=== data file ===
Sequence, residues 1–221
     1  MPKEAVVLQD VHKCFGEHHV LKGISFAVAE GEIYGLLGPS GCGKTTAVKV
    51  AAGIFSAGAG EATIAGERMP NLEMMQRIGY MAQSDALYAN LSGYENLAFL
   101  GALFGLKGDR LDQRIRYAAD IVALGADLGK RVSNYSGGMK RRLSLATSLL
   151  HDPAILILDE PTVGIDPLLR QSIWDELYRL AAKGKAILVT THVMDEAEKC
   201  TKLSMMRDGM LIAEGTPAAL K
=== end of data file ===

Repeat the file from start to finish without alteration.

Sequence, residues 1–221
     1  MPKEAVVLQD VHKCFGEHHV LKGISFAVAE GEIYGLLGPS GCGKTTAVKV
    51  AAGIFSAGAG EATIAGERMP NLEMMQRIGY MAQSDALYAN LSGYENLAFL
   101  GALFGLKGDR LDQRIRYAAD IVALGADLGK RVSNYSGGMK RRLSLATSLL
   151  HDPAILILDE PTVGIDPLLR QSIWDELYRL AAKGKAILVT THVMDEAEKC
   201  TKLSMMRDGM LIAEGTPAAL K